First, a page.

He joined service on October 7, 1964. He was given nine increments taking into consideration his special qualification and experience. Two increments were common to all.

Thus, the extra increments given to him were seven. It is apparent that if this extra increment on the basis of his experience and special qualification did not carry with it, seniority in the Board, he would not have either applied or accepted the job. It cannot be assumed that he would have joined the Board willingly as a new entrant. Under these circumstances, the Tribunal was justified in holding that he should be deemed to have been appointed w.e.f. October 7, 1957, instead of October 7, 1964, when he joined the service of the Board. The Tribunal according to us justifiably repelled the contention that he was not entitled to the above advantage under the second part of the Regulation 7(iv)(b). In our view, the Tribunal was justified also in holding that second part is in the nature of proviso limited to persons who had been in service of either U.P. or the Central Government Departments and who had been given advance increments in consideration of such service.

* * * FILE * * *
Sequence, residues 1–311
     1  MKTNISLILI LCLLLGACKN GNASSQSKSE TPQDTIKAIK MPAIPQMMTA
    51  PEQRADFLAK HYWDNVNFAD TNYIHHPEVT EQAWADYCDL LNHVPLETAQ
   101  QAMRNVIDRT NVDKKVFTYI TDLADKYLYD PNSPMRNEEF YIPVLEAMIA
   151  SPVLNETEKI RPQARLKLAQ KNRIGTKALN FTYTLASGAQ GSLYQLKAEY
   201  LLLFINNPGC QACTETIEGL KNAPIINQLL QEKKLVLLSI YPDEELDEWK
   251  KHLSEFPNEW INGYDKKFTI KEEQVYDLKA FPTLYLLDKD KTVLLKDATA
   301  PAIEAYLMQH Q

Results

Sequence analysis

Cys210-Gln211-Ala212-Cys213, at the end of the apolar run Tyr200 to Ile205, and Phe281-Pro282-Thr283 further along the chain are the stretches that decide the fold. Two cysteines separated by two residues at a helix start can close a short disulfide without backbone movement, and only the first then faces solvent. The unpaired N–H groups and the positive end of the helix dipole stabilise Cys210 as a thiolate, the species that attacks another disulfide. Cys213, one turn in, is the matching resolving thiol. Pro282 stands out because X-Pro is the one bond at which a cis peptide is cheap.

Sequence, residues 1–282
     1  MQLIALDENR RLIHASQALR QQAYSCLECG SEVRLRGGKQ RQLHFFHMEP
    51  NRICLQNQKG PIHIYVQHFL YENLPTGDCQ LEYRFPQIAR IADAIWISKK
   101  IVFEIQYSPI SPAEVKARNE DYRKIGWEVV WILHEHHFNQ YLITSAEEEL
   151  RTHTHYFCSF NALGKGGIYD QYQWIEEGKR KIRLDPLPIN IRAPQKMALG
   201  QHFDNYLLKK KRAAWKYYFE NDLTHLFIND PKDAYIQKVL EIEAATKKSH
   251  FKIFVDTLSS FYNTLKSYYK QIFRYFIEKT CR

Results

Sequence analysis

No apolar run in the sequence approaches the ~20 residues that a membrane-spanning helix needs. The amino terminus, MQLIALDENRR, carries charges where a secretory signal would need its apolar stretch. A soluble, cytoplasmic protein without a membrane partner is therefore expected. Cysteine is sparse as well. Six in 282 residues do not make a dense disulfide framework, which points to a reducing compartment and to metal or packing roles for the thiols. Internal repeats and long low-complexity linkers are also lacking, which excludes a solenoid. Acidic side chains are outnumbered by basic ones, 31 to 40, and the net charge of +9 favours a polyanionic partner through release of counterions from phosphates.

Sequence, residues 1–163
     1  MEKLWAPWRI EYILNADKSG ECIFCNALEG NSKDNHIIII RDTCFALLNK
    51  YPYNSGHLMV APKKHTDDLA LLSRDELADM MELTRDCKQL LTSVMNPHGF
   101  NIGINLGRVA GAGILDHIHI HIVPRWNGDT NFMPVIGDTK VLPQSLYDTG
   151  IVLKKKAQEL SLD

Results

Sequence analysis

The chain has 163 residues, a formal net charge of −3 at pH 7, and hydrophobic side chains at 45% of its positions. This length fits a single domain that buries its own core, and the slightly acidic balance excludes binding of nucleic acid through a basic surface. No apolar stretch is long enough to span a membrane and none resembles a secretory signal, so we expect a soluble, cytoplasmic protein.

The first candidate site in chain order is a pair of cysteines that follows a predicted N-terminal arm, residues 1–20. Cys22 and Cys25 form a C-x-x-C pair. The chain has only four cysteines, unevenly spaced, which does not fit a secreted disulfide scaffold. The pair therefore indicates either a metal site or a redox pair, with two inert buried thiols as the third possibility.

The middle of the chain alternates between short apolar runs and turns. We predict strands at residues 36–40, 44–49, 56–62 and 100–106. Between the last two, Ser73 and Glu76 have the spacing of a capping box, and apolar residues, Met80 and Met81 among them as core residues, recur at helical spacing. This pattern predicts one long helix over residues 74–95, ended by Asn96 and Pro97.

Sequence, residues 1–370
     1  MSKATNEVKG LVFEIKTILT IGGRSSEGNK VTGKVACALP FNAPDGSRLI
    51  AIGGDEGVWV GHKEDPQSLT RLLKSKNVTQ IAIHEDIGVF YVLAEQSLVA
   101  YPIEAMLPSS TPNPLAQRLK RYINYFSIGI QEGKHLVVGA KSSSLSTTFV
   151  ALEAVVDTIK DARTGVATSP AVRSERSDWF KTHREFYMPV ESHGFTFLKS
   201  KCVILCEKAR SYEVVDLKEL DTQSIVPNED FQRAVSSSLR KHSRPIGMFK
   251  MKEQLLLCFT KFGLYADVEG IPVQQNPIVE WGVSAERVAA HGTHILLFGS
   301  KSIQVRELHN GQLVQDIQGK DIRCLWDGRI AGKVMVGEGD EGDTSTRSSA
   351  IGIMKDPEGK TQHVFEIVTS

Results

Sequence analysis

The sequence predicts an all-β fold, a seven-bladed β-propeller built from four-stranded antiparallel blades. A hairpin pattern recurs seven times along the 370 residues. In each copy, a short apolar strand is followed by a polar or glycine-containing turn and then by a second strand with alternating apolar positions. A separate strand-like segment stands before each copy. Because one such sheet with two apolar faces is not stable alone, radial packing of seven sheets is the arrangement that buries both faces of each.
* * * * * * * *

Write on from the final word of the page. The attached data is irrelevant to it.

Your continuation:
The High Court considered the question in detail with reference 345 to the regulation under consideration and agreed with the Tribunal in the construction put by it regarding the second part of the regulation. We have also given our anxious consideration to the regulation before and after the amendment. We also come to the conclusion that the interest of justice will be advanced by agreeing with the High Court and the Tribunal in the construction given by them to this regulation. In our judgment, therefore, seniority will have to be fixed in accordance with the number of increments excluding the original two increments given to the entrants in the Board both from the U.P. and the Central Government Departments and from other sources. We do not think it necessary to answer other aspects of the case for this judgment. We do not think any interference is called for with the judgment of the High Court. We confirm the judgment, dismiss the appeal, writ petition and the special leave petition, with no order as to costs.

N.P.V. Appeal and Petitions dismissed.